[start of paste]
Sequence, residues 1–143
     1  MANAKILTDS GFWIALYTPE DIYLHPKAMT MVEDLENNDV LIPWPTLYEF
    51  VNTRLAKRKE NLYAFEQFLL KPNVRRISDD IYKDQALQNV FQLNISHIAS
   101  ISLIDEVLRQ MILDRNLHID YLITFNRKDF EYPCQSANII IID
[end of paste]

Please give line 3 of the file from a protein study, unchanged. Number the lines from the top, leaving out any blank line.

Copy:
    51  VNTRLAKRKE NLYAFEQFLL KPNVRRISDD IYKDQALQNV FQLNISHIAS